Taking the Vote

100 years of expectations

Zoom Bomb
Courtesy of the Library of Congress
California suffragists traveled east to extend their advocacy to the federal level after winning rights in their own state.

 

Aug. 27 update: This article has been corrected and updated to include Nellie Meyer, the first woman superintendent of the Mountain View-Los Altos High School District, who joined the district last year.

A century ago, the 19th Amendment was ratified by a margin of one vote in the legislature of the 36th of 36 states that were needed at that time for approval. It’s hard to believe now that the decades-long struggle of women to gain political equality with men was ended by such a narrow margin.

At the time, there were many worries and hopes tied to the prospect of women voting. Let’s see how it worked out.

An early argument against giving women the vote was that they would simply vote as directed by their husbands or fathers. Having grown up in a politically divided house, I can personally testify that this is not true. My mother idolized Franklin Roosevelt; my father said, “I always vote for the best man, but he always seems to be a Republican.” Our dining room discussions were lively.

Many expected that women would vote in a bloc, with a focus on “women’s issues,” including education, health, religion and other domestic matters. But it turns out that women, like men, have differing ideas about what should be done regarding these “women’s issues,” and the bloc melts away in the face of such divisive proposals as unrestricted abortion access, school busing and federal vouchers for private schools.

Some felt that the “gentle sex” was unsuited to the rough-and-tumble world of politics, while others hoped that the feminine influence would calm that world down and make it less hard-edged. It’s true, as an immediate effect of the addition of women to the voting rolls, polling stations moved out of bars and into churches and schools, making the entire process cleaner and quieter.

But anyone who believes that women politicians are gentler in negotiation, or more willing to find common ground with the opposition, is invited to sit in on some of our Los Altos City Council meetings, with our five women council members as frequently and vocally at odds as any group of men could be.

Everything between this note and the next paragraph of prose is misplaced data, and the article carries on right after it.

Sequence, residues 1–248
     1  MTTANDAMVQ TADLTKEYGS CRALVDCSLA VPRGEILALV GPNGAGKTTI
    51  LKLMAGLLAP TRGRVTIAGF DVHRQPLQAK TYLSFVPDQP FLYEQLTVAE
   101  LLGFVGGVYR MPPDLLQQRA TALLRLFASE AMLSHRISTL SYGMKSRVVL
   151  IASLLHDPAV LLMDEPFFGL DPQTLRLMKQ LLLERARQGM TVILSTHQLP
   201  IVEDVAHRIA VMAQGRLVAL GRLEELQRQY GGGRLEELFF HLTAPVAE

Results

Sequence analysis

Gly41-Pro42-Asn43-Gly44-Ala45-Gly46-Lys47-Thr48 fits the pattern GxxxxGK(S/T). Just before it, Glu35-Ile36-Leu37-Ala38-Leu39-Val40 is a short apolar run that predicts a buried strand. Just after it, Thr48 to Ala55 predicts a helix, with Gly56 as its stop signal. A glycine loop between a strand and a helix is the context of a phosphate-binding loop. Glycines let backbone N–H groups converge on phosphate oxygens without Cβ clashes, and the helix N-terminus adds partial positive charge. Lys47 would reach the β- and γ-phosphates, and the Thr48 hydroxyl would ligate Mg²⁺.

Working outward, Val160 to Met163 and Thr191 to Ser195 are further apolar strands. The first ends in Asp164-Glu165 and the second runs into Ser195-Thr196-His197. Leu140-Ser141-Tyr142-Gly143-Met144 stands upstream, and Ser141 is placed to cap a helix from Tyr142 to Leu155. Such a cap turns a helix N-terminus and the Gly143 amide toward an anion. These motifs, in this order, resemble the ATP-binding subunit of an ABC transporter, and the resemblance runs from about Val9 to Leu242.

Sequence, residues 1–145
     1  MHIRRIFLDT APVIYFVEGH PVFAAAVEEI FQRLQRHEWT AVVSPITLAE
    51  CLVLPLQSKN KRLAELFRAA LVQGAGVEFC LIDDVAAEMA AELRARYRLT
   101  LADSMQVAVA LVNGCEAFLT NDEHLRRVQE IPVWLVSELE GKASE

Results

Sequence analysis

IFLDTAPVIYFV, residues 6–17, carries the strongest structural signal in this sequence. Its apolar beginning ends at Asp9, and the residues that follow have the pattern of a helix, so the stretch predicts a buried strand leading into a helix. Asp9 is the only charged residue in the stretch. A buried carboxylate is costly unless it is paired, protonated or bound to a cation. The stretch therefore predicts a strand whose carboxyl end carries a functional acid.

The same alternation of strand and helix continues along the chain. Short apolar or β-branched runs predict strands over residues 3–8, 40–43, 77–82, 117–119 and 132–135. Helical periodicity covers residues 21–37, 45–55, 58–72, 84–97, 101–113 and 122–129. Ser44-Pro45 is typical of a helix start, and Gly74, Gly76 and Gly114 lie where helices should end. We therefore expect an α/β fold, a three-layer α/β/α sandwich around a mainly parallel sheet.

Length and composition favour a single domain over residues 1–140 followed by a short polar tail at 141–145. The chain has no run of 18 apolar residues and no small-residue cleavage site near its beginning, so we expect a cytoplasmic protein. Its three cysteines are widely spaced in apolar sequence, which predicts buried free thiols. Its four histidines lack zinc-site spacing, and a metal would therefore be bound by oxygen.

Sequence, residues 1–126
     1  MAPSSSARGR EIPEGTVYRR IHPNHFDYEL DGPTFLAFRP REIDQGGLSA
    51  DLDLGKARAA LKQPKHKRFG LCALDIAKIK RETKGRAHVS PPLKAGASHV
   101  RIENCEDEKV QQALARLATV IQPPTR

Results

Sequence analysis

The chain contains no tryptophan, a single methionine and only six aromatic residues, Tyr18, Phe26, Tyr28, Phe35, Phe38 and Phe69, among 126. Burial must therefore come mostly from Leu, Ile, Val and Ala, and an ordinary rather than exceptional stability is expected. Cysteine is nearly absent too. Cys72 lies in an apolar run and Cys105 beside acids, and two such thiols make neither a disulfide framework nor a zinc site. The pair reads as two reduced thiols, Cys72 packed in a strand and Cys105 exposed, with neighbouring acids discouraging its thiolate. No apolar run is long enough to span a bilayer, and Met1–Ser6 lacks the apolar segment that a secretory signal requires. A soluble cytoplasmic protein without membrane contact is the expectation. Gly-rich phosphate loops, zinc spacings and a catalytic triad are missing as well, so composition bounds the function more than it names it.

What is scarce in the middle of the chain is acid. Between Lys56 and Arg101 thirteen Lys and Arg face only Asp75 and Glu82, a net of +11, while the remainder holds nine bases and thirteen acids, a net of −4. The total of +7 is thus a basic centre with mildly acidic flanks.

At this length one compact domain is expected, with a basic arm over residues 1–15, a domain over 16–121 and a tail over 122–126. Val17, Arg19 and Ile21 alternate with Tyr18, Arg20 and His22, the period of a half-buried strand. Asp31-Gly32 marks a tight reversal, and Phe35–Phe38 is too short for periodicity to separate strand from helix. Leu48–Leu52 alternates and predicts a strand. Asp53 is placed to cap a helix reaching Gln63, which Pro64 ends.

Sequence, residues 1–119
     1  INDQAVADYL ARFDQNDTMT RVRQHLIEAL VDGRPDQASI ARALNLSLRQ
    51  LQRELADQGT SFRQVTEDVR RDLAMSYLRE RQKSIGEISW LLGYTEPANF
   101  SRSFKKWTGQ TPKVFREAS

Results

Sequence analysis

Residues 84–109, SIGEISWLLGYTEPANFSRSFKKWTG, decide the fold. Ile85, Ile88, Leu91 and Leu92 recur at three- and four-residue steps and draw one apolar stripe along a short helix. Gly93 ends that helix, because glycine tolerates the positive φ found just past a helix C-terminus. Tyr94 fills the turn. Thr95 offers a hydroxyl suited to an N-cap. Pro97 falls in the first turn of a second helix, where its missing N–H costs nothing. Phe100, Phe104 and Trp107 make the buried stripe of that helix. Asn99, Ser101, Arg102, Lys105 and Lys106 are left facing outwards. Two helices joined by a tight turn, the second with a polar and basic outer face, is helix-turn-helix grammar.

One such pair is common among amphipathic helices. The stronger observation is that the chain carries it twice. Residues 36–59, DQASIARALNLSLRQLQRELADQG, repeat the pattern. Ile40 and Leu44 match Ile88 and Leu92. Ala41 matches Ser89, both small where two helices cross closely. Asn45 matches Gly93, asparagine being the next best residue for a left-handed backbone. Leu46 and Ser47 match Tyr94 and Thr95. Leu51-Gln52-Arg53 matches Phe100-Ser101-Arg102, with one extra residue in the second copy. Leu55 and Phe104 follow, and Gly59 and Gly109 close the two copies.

The long-term consequences of the 19th Amendment are still making themselves known. In the past 100 years, women have become more and more visible in public, commercial and political areas, but there are still many issues that are considered “women’s natural fields of interest” and others where women are viewed as interlopers.

Even in education, traditionally a “woman’s area,” progress for women has been slow. When my mother worked at Los Altos High School in the early 1970s, her appointment as vice principal of curriculum was headlined in the Town Crier as “First Woman Becomes Senior Administrator at LAHS.” When my sons attended Los Altos High 20 years later, the school finally appointed its first woman principal. Twenty years later, the district finally has its first woman superintendent in Nellie Meyer.

The early suffragists recognized that the 19th Amendment fell short in many ways. It states that “The right of citizens of the United States to vote shall not be denied or abridged by the United States or by any State on account of sex,” but it says nothing about giving women equal protection of the laws in other ways. The Equal Rights Amendment, first proposed by early U.S. suffragist Alice Paul in 1923, was finally ratified by Congress in 1972 but has yet to be approved by the required three-fourths of state legislatures.

Wouldn’t it be amazing if in three years we could celebrate the 100th anniversary of the introduction of the Equal Rights Amendment by actually enacting it?

Allyson Johnson is a Los Altos resident. For more information, visit allysonjohnson.com.

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